Published Jul 01, 2003A young Irish woman in the early '60s is raped. Another gives birth to a child out of wedlock. A third one attracts the leers of boys. Deemed immoral by their families, the women are sent to the Magdalene Asylums to atone for their "mortal sins." There, the women are forced into slave labour, humiliated and beaten by nuns.
Writer and director Peter Mullan (best known for playing Swanee in Trainspotting), brings to the screen one of the most explosive dramas in memory. Roughly 30,000 women were detained in Ireland's Magdalene Asylums from 1767 to 1996, some till they died. Pulling no punches, Mullan exposes over two centuries of cruelty in a 119-minute film that's hard to watch, but essential to see.
We see The Magdalene Sisters through the eyes of these three women, called "stupid" and "sick" by the nuns who imprison them. Day in and day out the women clean outside laundry without pay (while the Church reaped the profits); they are beaten just for talking. The strongest character is the rebellious Bernadette (an excellent Nora-Jane Noone), who committed the crime of attracting boys with her beauty. When she tries to escape, the nuns cruelly pin her down and cut her hair. In a humiliating game, two nuns line up the inmates nude and ridicule the girls with the largest and smallest breasts, the biggest bottom and the hairiest bush. One fragile inmate, Crispina (a memorable Eileen Walsh), whose bastard child was taken from her, sobs uncontrollably. Later she goes mad and is sent to an asylum.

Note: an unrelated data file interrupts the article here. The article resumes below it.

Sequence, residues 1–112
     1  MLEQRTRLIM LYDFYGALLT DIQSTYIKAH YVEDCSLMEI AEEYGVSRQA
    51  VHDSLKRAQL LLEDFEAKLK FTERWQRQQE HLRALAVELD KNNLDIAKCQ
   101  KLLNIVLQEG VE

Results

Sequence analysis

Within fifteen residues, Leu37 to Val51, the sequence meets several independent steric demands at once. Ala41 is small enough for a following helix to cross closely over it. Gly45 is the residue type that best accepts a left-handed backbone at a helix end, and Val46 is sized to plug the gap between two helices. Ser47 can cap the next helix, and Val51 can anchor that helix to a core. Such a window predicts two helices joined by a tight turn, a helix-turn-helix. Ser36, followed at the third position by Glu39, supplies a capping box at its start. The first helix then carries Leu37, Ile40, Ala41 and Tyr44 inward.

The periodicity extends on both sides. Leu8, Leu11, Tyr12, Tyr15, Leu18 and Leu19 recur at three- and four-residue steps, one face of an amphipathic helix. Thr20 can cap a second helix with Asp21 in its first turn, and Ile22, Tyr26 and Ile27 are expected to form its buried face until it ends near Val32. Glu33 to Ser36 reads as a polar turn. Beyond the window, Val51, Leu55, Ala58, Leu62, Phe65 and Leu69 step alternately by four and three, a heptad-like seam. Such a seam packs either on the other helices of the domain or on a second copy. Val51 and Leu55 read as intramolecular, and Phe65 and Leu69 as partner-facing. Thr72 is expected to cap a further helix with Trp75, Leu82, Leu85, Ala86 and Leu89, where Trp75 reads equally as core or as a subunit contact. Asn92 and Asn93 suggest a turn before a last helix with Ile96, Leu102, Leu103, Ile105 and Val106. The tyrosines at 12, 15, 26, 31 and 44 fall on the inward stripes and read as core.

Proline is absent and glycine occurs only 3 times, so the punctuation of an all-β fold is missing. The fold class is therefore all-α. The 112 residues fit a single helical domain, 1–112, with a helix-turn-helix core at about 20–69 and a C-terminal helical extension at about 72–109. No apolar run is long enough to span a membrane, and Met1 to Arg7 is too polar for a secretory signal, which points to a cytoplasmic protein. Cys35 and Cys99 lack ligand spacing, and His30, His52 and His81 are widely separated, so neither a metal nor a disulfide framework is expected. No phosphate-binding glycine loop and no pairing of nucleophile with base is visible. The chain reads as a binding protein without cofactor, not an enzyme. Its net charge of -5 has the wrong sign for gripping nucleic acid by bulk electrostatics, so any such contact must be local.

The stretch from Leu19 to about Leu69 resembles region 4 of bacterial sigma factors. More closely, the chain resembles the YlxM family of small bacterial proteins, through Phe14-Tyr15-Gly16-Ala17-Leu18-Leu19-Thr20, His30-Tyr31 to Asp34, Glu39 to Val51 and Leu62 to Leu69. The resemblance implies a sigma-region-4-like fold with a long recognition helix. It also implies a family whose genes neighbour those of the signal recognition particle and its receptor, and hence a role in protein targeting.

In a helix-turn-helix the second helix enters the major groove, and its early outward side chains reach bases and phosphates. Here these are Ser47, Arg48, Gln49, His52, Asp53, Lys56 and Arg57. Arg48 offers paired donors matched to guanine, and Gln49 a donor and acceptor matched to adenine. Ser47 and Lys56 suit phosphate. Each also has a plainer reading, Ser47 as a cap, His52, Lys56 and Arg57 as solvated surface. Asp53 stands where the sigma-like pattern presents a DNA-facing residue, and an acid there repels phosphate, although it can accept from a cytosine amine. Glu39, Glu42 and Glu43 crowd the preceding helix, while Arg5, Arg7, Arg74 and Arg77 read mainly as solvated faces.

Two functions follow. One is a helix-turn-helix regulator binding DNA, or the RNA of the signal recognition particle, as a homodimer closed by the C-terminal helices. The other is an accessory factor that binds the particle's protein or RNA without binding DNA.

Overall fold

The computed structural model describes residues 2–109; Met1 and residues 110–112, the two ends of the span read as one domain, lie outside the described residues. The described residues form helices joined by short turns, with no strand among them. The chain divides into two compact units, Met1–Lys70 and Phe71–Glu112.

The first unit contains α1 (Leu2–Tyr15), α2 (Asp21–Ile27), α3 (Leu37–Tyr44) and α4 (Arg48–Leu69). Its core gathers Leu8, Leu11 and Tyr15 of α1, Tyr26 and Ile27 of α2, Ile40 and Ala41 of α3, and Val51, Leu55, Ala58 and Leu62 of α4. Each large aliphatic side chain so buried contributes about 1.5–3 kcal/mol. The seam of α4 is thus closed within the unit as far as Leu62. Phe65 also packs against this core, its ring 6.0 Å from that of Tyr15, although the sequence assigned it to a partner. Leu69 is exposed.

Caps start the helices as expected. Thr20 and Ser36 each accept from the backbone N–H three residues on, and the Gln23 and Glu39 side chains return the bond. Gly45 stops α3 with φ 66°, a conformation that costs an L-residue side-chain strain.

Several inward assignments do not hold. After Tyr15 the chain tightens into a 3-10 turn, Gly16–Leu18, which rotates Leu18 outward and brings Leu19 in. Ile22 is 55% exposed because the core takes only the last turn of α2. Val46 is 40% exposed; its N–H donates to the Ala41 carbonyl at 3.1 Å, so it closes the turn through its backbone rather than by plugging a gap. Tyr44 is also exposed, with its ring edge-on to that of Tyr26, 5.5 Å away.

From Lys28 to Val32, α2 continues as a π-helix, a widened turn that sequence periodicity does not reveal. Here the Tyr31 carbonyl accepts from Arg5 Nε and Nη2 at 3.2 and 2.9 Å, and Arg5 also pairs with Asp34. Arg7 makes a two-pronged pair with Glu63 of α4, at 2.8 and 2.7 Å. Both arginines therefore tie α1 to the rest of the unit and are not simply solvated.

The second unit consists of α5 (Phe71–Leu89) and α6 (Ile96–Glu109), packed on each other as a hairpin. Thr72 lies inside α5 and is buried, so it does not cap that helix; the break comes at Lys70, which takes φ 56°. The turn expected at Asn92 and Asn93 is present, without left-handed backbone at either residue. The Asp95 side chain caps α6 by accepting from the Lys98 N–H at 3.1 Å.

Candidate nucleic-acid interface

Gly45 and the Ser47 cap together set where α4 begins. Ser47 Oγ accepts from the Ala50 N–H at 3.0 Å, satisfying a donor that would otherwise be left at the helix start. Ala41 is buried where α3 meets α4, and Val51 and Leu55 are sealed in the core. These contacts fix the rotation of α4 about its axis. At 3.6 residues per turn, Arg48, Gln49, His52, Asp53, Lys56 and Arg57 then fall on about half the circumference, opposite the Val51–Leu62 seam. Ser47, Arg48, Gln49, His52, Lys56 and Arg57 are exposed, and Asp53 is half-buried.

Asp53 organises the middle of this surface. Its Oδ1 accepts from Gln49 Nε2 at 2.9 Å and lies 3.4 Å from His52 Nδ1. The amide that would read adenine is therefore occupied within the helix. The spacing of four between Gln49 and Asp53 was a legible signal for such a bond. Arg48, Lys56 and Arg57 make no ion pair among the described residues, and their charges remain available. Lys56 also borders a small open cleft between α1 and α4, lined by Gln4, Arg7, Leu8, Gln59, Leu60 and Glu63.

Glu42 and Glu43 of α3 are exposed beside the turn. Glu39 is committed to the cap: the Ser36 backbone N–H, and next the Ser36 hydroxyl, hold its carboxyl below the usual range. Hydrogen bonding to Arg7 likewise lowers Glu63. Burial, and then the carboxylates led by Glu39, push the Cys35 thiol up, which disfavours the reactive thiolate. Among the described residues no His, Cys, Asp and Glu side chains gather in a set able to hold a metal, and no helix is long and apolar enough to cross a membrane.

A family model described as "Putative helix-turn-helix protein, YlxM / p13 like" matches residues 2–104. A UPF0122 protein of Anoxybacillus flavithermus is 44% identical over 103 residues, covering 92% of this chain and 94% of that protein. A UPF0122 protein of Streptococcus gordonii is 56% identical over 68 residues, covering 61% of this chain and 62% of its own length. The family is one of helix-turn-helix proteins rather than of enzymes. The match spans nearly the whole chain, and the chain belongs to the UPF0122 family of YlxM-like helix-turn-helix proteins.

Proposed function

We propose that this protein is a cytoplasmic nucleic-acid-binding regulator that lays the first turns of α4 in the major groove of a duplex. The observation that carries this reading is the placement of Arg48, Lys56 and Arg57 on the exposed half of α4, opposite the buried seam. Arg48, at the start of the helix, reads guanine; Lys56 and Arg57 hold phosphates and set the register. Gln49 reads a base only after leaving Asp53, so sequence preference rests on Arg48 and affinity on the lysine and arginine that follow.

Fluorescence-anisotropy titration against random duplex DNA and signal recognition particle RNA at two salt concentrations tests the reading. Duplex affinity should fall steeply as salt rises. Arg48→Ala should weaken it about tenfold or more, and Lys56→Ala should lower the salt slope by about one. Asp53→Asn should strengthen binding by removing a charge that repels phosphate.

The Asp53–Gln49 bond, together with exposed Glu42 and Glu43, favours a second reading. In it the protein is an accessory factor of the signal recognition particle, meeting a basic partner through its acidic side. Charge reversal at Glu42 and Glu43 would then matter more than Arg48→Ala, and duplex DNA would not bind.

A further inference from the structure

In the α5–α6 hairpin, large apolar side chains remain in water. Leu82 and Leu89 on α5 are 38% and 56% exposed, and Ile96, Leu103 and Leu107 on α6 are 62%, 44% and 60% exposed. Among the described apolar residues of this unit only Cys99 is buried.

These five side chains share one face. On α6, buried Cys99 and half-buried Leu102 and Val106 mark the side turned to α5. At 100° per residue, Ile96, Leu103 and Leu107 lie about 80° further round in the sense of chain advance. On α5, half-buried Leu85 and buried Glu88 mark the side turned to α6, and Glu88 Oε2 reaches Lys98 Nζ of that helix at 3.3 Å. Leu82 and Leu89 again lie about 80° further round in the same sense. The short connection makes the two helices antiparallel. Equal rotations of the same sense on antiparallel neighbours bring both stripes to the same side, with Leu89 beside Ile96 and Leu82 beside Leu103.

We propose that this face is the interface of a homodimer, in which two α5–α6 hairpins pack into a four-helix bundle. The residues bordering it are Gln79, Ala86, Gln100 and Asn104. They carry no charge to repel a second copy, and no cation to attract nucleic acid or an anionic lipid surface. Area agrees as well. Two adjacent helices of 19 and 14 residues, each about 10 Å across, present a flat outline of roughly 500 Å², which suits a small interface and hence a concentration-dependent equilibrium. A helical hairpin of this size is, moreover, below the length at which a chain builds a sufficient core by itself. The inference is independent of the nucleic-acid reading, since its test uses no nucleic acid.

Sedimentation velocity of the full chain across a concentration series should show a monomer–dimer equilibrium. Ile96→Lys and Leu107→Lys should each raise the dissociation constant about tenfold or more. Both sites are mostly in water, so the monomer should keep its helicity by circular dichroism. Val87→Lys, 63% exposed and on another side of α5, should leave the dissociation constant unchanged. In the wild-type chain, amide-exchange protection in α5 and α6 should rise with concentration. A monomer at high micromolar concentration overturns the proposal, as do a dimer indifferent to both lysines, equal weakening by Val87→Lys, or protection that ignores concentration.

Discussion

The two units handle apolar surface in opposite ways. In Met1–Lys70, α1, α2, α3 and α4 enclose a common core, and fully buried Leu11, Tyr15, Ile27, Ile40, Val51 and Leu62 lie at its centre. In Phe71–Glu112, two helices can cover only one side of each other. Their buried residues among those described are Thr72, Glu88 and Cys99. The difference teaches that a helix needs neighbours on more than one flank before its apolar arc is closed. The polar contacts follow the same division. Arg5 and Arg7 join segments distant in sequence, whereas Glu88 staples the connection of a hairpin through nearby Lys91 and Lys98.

Mullen's direction is lean while his script is rich in characterisation. The cast is a powerful, uncompromising ensemble. The film's only weakness is its portrayal of the nuns, particularly Sister Bridget (a terrifying Geraldine McEwan) as flat, two-dimensional villains; were they once inmates themselves turned bad?
Released last fall in Ireland, where one in four have seen it, The Magdalene Sisters will make waves in North America at a time when the Catholic Church is mired in allegations of sexual abuse. Though not his intention, Mullan indicts the Catholic Church for demonising female sexuality, and castigates the society for blindly obeying it. (Alliance Atlantis)